However, maybe I’m just reflecting…
“Why should things be easy to understand?”
– Thomas Pynchon
I’m a fan of postmodernist fiction. I like the game of it, the acknowledgement of itself as a structure, the rejection of the logos, of the author, of meaning. The internet is postmodern: plurivocal and intertextual, ‘cyberspace’ is, as Cousin acknowledges, ‘postmodern because it allows playful and deceitful identity performances…and is labyrinthine rather than linear’ (Cousin, 2005, p.124*).
Cousin proposes the rhizome as a metaphor which encapsulates the characteristics of the internet. Extending and developing the definition of rhizomatic learning proposed by French postmodern theorists Deleuze and Guattari (1987**), ‘rhizomatic learning requires the creation of a context within which the curriculum and knowledge are constructed by contributions made by members of the learning community, and which can be reshaped and reconstructed in a dynamic manner…As Cormier (2010) puts it, ‘the community is the curriculum’ (OpenLearn***).
The tree is the first metaphor which must be rejected as a representation of learning and of the internet. It symbolises a logical branching structure, a singular rootedness, a linear development and a beginning and an end.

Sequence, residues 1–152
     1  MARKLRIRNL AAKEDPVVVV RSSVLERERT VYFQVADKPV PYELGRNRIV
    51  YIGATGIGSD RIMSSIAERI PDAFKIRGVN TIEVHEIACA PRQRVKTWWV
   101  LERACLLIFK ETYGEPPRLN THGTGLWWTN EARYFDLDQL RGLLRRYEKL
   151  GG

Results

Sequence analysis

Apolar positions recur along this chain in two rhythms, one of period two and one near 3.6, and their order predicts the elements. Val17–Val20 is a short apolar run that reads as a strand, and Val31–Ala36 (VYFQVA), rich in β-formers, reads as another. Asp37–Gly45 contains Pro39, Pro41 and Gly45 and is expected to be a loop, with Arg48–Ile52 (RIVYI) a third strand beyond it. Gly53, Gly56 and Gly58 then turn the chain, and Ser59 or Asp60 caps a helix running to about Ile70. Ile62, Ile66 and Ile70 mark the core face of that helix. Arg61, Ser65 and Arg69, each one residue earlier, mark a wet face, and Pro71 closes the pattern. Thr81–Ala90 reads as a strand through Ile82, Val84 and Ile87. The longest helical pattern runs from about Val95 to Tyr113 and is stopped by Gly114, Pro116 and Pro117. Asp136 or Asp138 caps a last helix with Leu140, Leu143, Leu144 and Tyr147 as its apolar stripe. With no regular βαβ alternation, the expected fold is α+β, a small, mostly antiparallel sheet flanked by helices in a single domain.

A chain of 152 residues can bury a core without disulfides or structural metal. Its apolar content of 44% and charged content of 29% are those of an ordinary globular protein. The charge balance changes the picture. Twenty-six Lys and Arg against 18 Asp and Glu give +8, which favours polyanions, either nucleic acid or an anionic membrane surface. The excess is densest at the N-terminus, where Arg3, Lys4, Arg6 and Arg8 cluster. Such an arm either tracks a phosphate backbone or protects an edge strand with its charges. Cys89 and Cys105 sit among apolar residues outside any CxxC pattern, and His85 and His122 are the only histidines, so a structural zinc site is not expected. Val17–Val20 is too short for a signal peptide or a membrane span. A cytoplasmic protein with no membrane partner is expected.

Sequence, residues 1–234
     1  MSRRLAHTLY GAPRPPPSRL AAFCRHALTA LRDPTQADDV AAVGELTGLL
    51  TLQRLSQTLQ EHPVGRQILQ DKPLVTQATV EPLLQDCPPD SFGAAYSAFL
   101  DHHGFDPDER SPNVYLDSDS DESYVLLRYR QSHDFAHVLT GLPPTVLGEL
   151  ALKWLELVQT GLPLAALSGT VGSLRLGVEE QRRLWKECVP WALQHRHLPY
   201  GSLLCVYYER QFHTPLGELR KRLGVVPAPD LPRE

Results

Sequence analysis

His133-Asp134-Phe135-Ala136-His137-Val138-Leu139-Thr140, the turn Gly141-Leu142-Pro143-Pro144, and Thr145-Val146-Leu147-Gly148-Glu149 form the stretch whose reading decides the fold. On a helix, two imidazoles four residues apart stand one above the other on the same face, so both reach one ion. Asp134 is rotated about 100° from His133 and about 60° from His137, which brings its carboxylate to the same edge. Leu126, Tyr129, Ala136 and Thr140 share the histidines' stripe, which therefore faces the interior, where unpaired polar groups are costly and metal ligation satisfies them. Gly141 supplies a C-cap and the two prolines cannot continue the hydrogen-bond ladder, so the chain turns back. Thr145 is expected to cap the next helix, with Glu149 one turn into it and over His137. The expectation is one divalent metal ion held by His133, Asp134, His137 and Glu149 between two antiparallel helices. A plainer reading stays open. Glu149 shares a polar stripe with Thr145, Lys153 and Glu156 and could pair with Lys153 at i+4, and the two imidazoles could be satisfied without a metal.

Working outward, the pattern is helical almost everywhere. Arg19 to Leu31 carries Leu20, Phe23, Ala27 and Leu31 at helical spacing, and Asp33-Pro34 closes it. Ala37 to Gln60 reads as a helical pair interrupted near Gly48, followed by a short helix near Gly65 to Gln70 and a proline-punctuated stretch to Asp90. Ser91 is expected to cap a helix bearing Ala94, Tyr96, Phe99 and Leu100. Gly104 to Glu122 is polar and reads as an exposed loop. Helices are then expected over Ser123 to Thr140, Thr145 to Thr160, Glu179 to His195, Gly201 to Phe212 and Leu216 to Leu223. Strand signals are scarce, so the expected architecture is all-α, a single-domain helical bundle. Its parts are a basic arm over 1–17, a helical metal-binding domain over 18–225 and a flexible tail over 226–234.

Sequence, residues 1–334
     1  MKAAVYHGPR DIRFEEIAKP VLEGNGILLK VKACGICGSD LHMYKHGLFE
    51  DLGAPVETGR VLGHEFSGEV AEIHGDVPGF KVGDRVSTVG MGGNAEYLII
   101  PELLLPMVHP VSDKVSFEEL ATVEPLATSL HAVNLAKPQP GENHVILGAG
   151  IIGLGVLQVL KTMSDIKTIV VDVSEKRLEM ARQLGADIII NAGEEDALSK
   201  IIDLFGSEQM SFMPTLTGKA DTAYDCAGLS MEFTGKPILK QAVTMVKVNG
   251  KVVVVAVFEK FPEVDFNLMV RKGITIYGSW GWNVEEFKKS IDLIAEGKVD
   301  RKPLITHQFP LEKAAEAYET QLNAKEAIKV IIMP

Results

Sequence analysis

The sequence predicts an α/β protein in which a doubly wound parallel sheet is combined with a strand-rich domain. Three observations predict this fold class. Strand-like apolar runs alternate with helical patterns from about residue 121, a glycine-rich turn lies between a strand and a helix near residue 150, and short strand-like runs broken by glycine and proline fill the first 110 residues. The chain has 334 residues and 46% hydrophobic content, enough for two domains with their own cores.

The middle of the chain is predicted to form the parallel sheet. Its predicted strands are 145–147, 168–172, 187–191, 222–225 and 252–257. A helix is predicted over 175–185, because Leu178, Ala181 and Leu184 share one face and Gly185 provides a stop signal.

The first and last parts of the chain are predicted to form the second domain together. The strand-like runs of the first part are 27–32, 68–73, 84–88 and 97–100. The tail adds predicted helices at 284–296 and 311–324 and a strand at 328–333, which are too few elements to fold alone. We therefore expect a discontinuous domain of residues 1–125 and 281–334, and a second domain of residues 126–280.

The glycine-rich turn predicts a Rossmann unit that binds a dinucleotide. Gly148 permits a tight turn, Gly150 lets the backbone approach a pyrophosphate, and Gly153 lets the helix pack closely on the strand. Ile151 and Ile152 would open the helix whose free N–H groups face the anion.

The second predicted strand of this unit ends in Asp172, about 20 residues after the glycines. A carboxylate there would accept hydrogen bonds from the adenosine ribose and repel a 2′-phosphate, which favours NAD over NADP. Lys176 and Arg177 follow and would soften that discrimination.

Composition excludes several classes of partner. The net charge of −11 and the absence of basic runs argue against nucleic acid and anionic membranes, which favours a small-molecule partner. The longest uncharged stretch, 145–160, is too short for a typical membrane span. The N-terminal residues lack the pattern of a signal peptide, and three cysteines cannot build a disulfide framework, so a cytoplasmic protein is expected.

Conversely ‘any point of a rhizome can be connected to any other, and must be’ (Cousin, 2005, p. 125). This ‘heterogeneity and connectivity’ (ibid, p.125) facilitates ‘the development of multiple ‘additions’ to a text, as learners post their comments from their own position…’ (ibid, p.125). The rhizome, therefore, establishes a ‘logic of the AND’ (Tapscott, 1998, p.25****).
As Deleuze and Guattari conclude, ‘we are tired of trees’ (Deleuze and Guattari, 1987, p.25).
Cousin’s article concludes with an evocative statement about the power and potential of a reimagining of learning within less traditional metaphorical boundaries:
‘…the limit (is) beyond the skies, all is possible, the map is the territory, the medium is definitely the message, the message being that all contact, fleeting or sustained, is possible. All identities are fictional to any degree, and all points of departure are available. It is also more playful, more daring and perhaps more dangerous’ (Cousin, 2005, p.127).